“VacuSIP”, an improved “InEx” method for in situ measurement of particulate and dissolved compounds processed by active suspension feeders

Morganti, T.; Yahel, G.; Ribes, M.; Coma, R.
Journal of Visualized Experiments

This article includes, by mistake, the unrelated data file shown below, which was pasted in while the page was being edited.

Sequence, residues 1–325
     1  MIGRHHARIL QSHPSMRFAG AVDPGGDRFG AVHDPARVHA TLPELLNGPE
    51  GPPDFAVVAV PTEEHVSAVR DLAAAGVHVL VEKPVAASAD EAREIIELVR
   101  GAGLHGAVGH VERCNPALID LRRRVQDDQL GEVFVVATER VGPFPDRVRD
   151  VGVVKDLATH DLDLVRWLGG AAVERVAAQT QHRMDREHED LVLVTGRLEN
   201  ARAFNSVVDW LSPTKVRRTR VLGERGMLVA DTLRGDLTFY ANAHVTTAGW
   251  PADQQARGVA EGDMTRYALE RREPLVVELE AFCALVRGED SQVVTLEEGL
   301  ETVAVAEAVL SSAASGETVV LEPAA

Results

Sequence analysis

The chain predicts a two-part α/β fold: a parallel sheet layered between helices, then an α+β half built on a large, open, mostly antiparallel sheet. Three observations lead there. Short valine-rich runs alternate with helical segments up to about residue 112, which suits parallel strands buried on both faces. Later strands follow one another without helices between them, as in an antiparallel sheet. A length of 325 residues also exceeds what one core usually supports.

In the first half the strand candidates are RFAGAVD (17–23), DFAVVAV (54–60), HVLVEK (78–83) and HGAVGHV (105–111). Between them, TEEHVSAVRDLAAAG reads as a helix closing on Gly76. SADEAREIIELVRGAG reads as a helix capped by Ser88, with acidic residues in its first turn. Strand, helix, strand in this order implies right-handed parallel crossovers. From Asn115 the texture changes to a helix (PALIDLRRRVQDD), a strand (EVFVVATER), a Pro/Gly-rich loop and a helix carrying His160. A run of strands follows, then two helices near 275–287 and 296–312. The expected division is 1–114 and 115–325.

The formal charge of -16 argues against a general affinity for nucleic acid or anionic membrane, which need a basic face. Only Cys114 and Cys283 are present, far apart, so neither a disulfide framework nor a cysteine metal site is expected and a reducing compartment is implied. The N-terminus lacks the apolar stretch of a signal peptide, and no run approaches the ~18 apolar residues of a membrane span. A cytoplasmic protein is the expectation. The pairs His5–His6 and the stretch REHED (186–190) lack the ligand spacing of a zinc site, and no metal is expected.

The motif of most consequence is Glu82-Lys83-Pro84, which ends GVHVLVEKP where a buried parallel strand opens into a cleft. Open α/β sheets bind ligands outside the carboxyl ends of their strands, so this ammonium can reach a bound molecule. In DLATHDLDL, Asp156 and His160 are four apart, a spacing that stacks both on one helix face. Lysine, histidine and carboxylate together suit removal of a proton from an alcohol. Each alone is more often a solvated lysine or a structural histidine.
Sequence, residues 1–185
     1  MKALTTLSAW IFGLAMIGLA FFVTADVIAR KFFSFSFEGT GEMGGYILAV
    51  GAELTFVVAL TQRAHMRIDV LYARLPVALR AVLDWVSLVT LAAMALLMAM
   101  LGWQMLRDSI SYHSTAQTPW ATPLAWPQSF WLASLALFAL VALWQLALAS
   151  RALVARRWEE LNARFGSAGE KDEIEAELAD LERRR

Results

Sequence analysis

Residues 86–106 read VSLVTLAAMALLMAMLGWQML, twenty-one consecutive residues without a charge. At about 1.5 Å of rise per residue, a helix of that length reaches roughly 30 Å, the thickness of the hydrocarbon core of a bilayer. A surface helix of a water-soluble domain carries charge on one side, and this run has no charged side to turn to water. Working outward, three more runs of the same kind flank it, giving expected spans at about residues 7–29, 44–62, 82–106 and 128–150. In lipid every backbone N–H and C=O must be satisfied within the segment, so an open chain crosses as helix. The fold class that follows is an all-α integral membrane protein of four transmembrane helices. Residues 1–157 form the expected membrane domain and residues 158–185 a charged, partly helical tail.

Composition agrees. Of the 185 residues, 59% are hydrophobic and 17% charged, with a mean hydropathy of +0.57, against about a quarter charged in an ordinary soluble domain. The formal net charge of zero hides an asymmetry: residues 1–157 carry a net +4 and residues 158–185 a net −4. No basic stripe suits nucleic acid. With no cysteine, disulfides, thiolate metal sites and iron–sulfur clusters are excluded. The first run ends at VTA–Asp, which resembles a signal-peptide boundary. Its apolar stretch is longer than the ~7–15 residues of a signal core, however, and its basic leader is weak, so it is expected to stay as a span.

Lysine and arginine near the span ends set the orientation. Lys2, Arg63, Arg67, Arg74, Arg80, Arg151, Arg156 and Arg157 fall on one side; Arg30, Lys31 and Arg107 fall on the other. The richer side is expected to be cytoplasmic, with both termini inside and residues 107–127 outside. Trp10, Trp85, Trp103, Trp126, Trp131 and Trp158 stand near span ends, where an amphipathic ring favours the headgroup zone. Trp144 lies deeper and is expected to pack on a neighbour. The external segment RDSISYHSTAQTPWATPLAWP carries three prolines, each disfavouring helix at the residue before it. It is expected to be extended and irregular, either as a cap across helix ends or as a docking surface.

Benthic suspension feeders play essential roles in the functioning of marine ecosystems. By filtering large volumes of water, removing plankton and detritus, and excreting particulate and dissolved compounds, they serve as important agents for benthic-pelagic coupling. Accurately measuring the compounds removed and excreted by suspension feeders (such as sponges, ascidians, polychaetes, bivalves) is crucial for the study of their physiology, metabolism, and feeding ecology, and is fundamental to determine the ecological relevance of the nutrient fluxes mediated by these organisms. However, the assessment of the rate by which suspension feeders process particulate and dissolved compounds in nature is restricted by the limitations of the currently available methodologies. Our goal was to develop a simple, reliable, and non-intrusive method that would allow clean and controlled water sampling from a specific point, such as the excurrent aperture of benthic suspension feeders, in situ. Our method allows simultaneous sampling of inhaled and exhaled water of the studied organism by using minute tubes installed on a custom-built manipulator device and carefully positioned inside the exhalant orifice of the sampled organism. Piercing a septum on the collecting vessel with a syringe needle attached to the distal end of each tube allows the external pressure to slowly force the sampled water into the vessel through the sampling tube. The slow and controlled sampling rate allows integrating the inherent patchiness in the water while ensuring contamination free sampling. We provide recommendations for the most suitable filtering devices, collection vessel, and storing procedures for the analyses of different particulate and dissolved compounds. The VacuSIP system offers a reliable method for the quantification of undisturbed suspension feeder metabolism in natural conditions that is cheap and easy to learn and apply to assess the physiology and functional role of filter feeders in different ecosystems.
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